Beaver trappers were the cowboys of early America. Renegade mountaineers of the Jacksonian era who cut trails through the wild in search of beaver pelts–prized by hatters, doctors, and perfumers. Dark cedar, snake root, synthetic beaver castor, and wild bergamot.
Freetrapper is our most modern masculine scent, but its origins are early America. Many of the highways we drive down today, were originally trails used for overland passage via stagecoach and horses. Before that, trails were cut the old fashioned way with machetes. Those usually followed natural paths pounded out by large game animals in search of food.
American trails going west were cut for a few important reasons. Lewis & Clark led the first expedition to survey the land acquired in the Louisiana Purchase. The government wanted to find a way across the huge expanse of the western territories, hopefully by water. They hoped to establish American presence in a native land, and to set up trade routes for a much needed commodity: beavers. Beavers were happening rodents in the 18th & 19th centuries. They had been depleted in Europe where their fur and testicles were used for hats, cosmetics, and tanning. America was full of beavers.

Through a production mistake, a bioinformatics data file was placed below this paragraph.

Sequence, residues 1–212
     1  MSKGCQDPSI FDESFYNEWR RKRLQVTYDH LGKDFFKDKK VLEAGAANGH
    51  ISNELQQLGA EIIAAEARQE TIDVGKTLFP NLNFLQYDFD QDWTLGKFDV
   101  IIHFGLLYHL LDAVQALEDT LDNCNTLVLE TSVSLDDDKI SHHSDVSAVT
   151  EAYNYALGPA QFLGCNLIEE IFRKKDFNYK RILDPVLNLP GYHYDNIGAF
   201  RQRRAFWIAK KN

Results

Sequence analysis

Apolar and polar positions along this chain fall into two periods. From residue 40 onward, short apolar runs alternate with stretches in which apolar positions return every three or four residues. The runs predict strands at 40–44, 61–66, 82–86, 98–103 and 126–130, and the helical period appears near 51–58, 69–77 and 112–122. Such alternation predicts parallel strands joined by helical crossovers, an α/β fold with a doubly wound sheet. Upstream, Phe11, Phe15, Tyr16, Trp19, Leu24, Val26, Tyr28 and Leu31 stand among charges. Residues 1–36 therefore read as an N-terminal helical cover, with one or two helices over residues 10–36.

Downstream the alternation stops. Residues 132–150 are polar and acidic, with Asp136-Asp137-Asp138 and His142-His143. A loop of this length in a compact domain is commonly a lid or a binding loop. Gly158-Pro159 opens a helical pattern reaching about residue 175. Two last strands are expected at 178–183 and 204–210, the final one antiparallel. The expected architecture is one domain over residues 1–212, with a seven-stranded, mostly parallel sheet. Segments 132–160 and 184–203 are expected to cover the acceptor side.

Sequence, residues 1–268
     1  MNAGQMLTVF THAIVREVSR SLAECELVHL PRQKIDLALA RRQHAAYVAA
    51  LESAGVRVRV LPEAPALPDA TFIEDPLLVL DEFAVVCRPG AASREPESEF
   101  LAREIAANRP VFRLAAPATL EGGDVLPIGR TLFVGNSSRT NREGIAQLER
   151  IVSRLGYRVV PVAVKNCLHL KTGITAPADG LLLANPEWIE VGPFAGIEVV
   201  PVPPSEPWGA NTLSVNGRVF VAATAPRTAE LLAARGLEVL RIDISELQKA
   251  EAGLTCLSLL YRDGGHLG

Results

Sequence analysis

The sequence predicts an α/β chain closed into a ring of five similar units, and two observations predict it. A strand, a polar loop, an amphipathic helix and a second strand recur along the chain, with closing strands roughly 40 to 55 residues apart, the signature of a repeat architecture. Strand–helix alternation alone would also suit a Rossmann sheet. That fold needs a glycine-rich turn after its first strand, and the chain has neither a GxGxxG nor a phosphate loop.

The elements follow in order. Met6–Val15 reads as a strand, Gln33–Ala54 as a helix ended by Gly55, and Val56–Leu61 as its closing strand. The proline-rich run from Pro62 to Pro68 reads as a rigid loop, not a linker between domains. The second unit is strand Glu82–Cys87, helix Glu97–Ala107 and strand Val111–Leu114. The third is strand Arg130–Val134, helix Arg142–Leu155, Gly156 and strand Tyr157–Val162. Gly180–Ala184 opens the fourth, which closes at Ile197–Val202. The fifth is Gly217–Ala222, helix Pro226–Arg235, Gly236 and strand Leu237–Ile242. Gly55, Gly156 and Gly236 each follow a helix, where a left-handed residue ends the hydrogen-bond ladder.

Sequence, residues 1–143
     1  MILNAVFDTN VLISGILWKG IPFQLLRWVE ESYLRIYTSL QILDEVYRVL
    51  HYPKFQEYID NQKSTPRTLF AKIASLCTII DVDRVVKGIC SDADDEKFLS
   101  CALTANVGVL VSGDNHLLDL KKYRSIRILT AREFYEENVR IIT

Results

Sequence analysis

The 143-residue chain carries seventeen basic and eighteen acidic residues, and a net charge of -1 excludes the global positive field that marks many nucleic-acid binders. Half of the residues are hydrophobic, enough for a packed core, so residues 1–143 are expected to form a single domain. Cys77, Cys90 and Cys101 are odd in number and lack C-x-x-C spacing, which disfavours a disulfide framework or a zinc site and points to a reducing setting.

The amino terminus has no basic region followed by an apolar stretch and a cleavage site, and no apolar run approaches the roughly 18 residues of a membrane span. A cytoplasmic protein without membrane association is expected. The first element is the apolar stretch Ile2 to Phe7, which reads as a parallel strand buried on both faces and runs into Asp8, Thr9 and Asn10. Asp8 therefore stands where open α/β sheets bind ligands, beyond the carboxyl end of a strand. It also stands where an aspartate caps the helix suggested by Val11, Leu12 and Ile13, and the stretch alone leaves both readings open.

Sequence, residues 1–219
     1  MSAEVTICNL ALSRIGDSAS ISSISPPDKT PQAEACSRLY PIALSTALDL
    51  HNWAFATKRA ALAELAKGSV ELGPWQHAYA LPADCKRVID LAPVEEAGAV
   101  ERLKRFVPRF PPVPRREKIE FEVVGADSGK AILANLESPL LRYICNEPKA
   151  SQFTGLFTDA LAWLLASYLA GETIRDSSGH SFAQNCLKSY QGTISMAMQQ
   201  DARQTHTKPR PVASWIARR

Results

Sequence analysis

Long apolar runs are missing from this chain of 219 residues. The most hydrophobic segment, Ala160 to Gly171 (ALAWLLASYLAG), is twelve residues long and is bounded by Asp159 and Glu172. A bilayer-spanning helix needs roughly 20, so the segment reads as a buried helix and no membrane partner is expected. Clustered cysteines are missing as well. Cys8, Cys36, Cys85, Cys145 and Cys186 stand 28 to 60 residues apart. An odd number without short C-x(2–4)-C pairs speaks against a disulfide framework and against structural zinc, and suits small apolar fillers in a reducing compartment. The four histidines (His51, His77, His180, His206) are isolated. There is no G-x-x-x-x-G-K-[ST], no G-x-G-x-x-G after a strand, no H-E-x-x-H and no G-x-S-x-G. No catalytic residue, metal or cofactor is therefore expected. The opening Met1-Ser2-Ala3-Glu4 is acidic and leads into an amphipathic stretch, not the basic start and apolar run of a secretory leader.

Much has been written about castoreum (oil extracted from the beaver’s testicle-like castor sac). Obviously it is a polarizing product. We do not use the real oil anymore, though some companies do. The real oil smells like a zoo. It is fecal, repulsive-attractive, dark and leathery. Beavers use it combined with their urine, to mark their territory. It is an important animalic note in perfume that offers mucho sex appeal.
Freetrapper has a delicate leathery base helped with synthetic castoreum. It starts with fresh citrus –bitter orange and bergamot, falls back upon clean blond woods and the spice of cistus labdaunum, until it finally concludes with warm amber and sandalwood.
Top Notes: Distilled Incense, Bergamot & Bitter Orange